Hands On Shoes

Hands On Shoes

Published on Thursday, January 21, 2010. This article appears in the February/March 2010 issue of American Craft Magazine.
Author Amy Shaw

Shelves of lasts at the Cordwainer Shop in Deerfield, NH.

Two shops bring shoes beyond personal style

Something happens when a beautiful handmade shoe catches your eye. You notice the warmth of its materials, the distinctiveness of its character, the humanity of its form. Slipping it on, you discover a rich tactile experience that commercial shoes simply cannot deliver. You can't help but wonder, with your feet enveloped in this careful work, "Whose hands are behind these soles?"

Meet handmade-shoe makers Molly Grant and Sara Mathews of the Cordwainer Shop and Rafi Balouzian of CYDWOK. Their designs and business models may be as divergent as their home bases of Deerfield, NH, and Burbank, CA. Yet their respect for craftsmanship, healthy comfort and harmonious style are deeply shared.
In the late 1920s, a sore-footed inventor determined that the healthiest, most beneficial kind of shoe is one with a low heel and 
a round toe. Inspired by this idea, the inventor's son, Paul Mathews, began making shoes, and left high school to become the head designer of his father's Boston shoe shop. Paul exhibited their specialty shoes at American Health Federation expos until he took to the rural life and moved to New Hampshire, crossing over into craft shows 
in the 1960s and '70s.

Mathews built his business, the Cordwainer Shop, with his children as apprentices, making shoes in the workshop built from timber on their land and becoming 
a well-known and well-loved figure at craft shows from coast to coast, including the American Craft Council Shows and the League of New Hampshire Craftsmen's Fair. Mathews, who made shoes into his 90th year, died in February 2009.

For 20 years, his wife, Molly Grant, and daughter, Sara Mathews, worked alongside him, and they are the Cordwainers now. (A "cordwainer" is someone who makes shoes; a cobbler repairs them.) Despite being juried members of the League with decades of shoemaking experience between them, Molly and Sara say they weren't certain they could continue the business without Paul. Yet orders kept coming in, and so, now with assistance from three of Paul's granddaughters, they are carrying on the tradition together.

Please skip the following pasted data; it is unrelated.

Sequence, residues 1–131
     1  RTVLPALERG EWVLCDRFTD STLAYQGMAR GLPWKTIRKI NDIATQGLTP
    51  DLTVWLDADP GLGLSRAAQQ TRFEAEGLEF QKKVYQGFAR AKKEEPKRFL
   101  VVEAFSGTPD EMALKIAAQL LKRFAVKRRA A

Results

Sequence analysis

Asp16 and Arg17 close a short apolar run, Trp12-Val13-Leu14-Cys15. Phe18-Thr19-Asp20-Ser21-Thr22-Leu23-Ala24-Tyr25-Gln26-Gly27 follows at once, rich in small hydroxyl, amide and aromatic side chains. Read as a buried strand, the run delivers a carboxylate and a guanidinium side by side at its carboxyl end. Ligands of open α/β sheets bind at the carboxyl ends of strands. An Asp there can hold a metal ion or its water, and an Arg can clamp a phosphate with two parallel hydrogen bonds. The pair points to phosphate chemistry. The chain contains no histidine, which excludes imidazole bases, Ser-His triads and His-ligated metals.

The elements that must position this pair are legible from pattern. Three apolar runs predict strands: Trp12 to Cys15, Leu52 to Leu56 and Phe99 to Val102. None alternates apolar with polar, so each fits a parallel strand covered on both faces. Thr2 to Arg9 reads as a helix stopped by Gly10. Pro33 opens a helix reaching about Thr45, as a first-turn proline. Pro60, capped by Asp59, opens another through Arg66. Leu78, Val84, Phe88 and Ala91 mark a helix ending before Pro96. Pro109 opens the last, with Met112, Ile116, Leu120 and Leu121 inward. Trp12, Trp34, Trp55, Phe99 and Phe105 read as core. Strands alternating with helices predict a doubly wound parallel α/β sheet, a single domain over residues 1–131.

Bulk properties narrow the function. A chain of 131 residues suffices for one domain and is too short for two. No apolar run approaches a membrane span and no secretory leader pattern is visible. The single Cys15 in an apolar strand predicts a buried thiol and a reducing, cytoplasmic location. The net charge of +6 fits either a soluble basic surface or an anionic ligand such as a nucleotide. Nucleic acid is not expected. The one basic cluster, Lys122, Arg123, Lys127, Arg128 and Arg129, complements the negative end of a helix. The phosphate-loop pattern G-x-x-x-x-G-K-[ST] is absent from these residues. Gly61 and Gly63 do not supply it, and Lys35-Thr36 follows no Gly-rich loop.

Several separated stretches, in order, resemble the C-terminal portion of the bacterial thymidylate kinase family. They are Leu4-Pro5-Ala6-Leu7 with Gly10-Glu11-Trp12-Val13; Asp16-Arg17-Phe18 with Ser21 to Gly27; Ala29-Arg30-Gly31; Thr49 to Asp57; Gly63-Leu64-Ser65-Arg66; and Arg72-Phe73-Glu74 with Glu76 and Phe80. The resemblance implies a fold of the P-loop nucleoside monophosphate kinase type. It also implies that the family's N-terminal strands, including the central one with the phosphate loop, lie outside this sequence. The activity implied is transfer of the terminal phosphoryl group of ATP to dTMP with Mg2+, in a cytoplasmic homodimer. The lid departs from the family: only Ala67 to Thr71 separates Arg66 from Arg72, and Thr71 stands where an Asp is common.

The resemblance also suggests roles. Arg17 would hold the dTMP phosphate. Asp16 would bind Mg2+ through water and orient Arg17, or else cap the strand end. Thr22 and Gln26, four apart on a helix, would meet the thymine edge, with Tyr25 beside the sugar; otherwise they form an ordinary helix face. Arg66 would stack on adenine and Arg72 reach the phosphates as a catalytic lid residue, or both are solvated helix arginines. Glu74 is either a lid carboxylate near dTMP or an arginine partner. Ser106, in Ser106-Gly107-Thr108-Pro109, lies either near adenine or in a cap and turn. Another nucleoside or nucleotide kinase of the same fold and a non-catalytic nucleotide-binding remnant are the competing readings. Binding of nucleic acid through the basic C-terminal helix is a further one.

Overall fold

Still guided by perfectionist standards, the Cordwainer Shop's shoes are made to measure in endless color combinations and classic, well-proportioned styles. Supple leather uppers and soft shapes recall dancing shoes, yet their exacting construction makes them last. Today the Cordwainer Shop is thriving, with nine craft show appearances scheduled for 2010.

Rafi Balouzian also got his start searching for a more comfortable shoe experience. An avid walker, Balouzian wanted to make 
a stylish shoe that would assist a "healthy, efficient stride." So he began developing the unique molded leather sole that would become the hallmark of CYDWOQ (pronounced "sidewalk") shoes.

With his father and great-grandfather 
in the shoemaking business, Balouzian absorbed knowledge of the machines and materials of the trade at a young age growing 
up in the Armenian diaspora in Beirut. After college in California, he produced his first shoe collection while working as a designer for a Britain-based clothing line. Soon after, Balouzian branched out on his own, launching CYDWOK in 1996 with custom-made machines and 12 highly skilled employees, most still with him today.

Producing handmade shoes on a larger scale, Balouzian focused on international shoe expos instead of American craft fairs, attracting mostly Japanese and European customers at first, and eventually capturing the North American markets. Today Balouzian's production team has more than doubled in size and makes upward 
of 35,000 pairs of shoes per year, each handcrafted to order using water-based glues, vegetable-tanned leathers and age-old techniques.

With a background in architecture and the eye of a sculptor, Balouzian designs shoes by drawing directly onto the wooden mold, or "last." His highly structured shapes, from angular to sinuous, are built with rivets, unfinished edges, distressed leather and minimal stitching. No aspect of the style gets in the way of comfort; on the contrary, these boots (and pumps and sandals) are definitely made for walking.

Shoes, a vehicle not only of personal style but also of our most basic everyday connection to the earth, protect and celebrate our feet. When someone's hands have caringly crafted our shoes, this everyday connection is transformed, as we are with every step.

Writer and curator Amy Shaw lives in Brooklyn, NY.